If the B.C Human Rights Tribunal wants to use its power to remove this right from people like me, then it ought to change its name. The ability of citizens to make observations about the world and then to truthfully express those observations is a deeply held and serious human right. It is this right that paved the way for all other rights. Without it, no society can hope to improve. It is sinister and diabolical that an organization with state power would pretend to advance human rights but in reality use its power to remove the most important and universally desired human right in the history of civilization.    

 

Feminist Objections

The feminist position against the radical portion of the trans movement is the most pragmatic of all the objections. The objections of the freethinker or the religious fanatic, as described above, are abstract arguments compared to the arguments of feminists, or more broadly, to women in general. The religious fanatic could be told to get lost and get over it – there'd be no real harm in that. The freethinker could be told that the right of trans women to avoid discrimination is more important than the idea of telling the truth all the time. It could be argued that my desire to tell the truth is simply the notion of an idealist and has no real world value as an argument, and is outweighed by the reality of human suffering. Women, however, are left to deal with the outcome of this argument in places such as women's rape shelters, women's sports, and women's prisons.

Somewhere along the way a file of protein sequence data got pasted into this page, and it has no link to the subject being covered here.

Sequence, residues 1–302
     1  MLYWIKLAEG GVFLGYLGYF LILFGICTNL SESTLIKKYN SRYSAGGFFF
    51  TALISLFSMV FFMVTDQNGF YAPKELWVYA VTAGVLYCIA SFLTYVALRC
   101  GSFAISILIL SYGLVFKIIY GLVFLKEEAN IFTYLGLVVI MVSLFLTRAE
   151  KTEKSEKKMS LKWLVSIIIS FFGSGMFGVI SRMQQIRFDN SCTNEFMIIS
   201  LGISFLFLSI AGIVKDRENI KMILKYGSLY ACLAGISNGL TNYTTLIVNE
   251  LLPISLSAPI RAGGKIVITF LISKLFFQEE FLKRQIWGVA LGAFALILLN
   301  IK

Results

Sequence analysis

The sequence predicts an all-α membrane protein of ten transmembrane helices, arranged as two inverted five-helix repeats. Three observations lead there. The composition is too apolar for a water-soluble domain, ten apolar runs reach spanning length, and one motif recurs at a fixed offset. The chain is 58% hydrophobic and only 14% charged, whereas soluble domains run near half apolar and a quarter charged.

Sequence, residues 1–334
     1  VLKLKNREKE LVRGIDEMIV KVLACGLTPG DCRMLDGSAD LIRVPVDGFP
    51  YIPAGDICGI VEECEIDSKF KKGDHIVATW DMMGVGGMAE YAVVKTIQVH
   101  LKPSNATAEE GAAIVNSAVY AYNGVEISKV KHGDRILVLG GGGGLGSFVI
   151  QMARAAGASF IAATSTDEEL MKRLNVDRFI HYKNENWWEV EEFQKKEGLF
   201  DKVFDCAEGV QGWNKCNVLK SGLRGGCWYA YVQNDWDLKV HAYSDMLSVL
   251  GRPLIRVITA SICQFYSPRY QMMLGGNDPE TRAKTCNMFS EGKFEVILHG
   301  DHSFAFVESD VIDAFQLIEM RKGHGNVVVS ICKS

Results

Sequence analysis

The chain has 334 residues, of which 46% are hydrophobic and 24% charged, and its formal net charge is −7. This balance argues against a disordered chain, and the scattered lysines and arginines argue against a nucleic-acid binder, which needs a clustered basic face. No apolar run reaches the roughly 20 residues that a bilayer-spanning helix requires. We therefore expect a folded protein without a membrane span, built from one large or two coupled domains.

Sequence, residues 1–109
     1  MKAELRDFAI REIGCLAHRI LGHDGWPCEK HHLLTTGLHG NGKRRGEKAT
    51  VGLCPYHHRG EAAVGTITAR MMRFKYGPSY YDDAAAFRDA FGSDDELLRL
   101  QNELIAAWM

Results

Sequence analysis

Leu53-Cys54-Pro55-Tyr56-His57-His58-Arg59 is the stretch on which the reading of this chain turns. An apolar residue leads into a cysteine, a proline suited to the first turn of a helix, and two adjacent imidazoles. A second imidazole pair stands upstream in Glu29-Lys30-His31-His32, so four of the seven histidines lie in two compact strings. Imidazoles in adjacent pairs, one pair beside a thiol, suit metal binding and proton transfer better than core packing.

When a woman has experienced violence, brutality, or sexual abuse at the hands of a male, I think it is a duty of society to allow her the ability to escape to a place free of men. She should not, at that point, be expected to start producing philosophical arguments to justify her position. No man has a right to place his wish for convenience or acceptance of his personal desires above the right of a female who has experienced real trauma. I say convenience because there are facilities that will accept abused transgendered women. There is absolutely no reason – other than to exert power – to allow men into shelters where they are not welcome. A woman would have already had male power exerted over her if she were at a shelter to begin with. What exactly is the purpose of forcing the victim to endure further displays of male power over her? This looks to me like a serious moral crime and a massive injustice. No organization should partake in something as hideous as this and use the term "human rights" in its name.